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The long-awaited submission of the Mueller report has come and gone, and even before anyone outside of the Department of Justice has actually seen the thing, President Donald Trump, his allies, and the anti-Russiagate press have been taking their victory laps, and House Democrats are becoming even more forcefully anti-impeachment than they were last week. A chapter that took way too long ended on Friday, but the country feels even more broken than it did before that.

The idea that there would be an actual smoking gun tying Donald Trump to direct knowledge of and complicity in the Russian government’s attempts to influence the 2016 election was never the most likely scenario. The Democrats’ overwhelming faith in the Republican former director of the FBI to find this smoking gun was proof of the desire to keep the process as “apolitical” as possible, but ultimately, Mueller decided to kick the decision about Trump’s criminal culpability back to the president’s political appointees. “While this report does not include that the President committed a crime, it also does not exonerate him,” Mueller wrote in the report, according to Attorney General William Barr.

Consider that in the entire history of the United States—a history written by a laundry list of war criminals and crooks—not a single American president has been removed from office by impeachment. The closest example we have is Richard Nixon, who actually gave an order to obstruct justice on a taped recording, and chose to resign rather than go through impeachment proceedings.

But Nixon is the exception to the rule, and not even much of one at that: at the time, Nixon was dealing with a Congress that remained overwhelmingly Democratic, even after his landslide win over George McGovern in 1972. If Nixon’s Republican Party—a decidedly less right-wing iteration than the one we have today—had controlled Congress, there’s no guarantee he would have ever been forced to step down.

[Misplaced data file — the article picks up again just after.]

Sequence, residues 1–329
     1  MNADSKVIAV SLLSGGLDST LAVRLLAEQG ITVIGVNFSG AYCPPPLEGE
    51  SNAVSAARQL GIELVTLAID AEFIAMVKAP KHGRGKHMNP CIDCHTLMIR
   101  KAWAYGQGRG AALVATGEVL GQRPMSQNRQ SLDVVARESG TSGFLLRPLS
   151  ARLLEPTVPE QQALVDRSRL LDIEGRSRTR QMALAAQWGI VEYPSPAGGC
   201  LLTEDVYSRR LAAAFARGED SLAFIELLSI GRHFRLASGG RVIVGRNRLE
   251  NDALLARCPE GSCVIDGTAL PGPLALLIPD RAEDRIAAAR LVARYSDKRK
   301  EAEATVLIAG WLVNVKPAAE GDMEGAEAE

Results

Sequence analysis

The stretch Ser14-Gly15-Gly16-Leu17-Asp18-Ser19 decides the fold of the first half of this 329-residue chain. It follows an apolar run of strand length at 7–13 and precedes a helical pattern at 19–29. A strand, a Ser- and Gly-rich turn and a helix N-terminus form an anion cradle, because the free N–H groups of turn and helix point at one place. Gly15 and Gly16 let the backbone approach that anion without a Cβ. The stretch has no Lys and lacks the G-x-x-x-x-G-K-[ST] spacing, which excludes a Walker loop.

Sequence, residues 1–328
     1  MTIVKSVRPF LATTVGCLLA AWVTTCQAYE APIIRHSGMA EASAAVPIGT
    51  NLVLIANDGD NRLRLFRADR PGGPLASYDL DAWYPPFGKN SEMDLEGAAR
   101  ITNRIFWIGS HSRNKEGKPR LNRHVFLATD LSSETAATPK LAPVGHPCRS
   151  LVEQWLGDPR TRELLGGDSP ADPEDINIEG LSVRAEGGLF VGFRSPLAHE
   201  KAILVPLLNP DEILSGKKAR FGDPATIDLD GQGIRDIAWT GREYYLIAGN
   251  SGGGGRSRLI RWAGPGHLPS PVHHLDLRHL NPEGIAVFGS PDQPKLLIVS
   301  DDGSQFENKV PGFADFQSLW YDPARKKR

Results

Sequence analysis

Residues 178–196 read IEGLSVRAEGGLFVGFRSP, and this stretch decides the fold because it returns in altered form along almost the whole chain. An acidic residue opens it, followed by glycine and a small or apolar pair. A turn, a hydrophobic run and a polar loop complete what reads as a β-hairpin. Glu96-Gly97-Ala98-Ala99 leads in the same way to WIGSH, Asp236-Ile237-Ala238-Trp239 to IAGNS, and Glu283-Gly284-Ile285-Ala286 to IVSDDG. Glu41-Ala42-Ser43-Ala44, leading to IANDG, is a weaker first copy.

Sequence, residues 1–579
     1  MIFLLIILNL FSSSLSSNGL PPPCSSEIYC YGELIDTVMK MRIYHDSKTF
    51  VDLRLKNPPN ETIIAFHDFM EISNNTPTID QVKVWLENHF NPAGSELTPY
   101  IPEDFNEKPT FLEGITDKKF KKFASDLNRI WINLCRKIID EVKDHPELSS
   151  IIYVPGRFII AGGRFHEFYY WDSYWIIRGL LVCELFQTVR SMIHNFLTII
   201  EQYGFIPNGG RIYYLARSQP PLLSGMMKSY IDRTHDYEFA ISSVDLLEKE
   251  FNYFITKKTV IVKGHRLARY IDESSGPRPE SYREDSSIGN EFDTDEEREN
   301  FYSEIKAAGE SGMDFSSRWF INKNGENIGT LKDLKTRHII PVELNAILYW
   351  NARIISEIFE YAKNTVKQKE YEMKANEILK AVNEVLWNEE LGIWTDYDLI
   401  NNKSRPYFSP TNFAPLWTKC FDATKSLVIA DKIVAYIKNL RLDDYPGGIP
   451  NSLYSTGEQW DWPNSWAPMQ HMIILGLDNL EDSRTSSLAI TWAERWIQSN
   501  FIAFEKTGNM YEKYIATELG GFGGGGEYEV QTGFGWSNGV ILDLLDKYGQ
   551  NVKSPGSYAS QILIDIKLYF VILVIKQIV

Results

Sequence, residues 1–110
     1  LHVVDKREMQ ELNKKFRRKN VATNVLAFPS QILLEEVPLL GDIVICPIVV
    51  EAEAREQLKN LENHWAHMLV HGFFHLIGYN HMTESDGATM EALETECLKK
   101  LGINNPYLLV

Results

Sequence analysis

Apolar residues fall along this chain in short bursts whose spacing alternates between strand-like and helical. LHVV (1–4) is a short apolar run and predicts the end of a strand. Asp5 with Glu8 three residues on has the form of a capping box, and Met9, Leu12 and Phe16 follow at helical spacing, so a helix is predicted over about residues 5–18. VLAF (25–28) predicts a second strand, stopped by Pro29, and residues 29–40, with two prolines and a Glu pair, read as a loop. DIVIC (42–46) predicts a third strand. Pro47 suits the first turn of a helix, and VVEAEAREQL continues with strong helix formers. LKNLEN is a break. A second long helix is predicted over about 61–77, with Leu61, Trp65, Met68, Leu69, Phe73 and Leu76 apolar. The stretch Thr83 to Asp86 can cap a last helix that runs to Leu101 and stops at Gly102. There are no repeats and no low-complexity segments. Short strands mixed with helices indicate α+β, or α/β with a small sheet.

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Investigations are still ongoing at the congressional level, as well as in the Southern District of New York and the state level. But for the most part, the Mueller report was a reminder that in America, politics almost always triumphs. And the only way to get accountability in America—at least some small form of it—is from the people.

Donald Trump has thrown children in cages. His deportation force has terrorized families all over the country. He’s sided with white supremacists. He’s imposed a quasi-religious test on entering the United States. He is an unrepentant bigot who curries favor with other unrepentant bigots. All of this is more than enough to justify a forced removal of office. But with the Mueller investigation now over, it should be clearer now than ever before that the only chance we have for that to happen is in the 2020 presidential election.

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Is it an adequate form of accountability? No, absolutely not. Looking back at recent transitions of power, the fact that the most significant rebuke of George W. Bush’s war presidency we saw didn’t involve a cell at the Hague but rather the landslide Democratic victory in 2008 is a pittance, especially considering the ultimate similarities between the Bush and Obama presidencies.

The next Democratic president, whenever that happens, will in all likelihood call for a return to norms and a period of healing or whatever bullshit helps them feel good about the country they’ve signed up to run. Trump will never face real consequences for his actions like you or I would. It will be undoubtedly infuriating.

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But getting Trump out of office in 2020 should be viewed as more than a consolation prize; it’s an opportunity to end the worst aspects of Trump’s presidency, to protect vulnerable people, and to make the United States a more livable place for everyone. Outside of a popular uprising—which, I cannot stress enough, would be vastly preferable to waiting around for an election—the best shot to do that will come in November 2020. And the only way we’re going to get there is by doing politics, not by running away from them.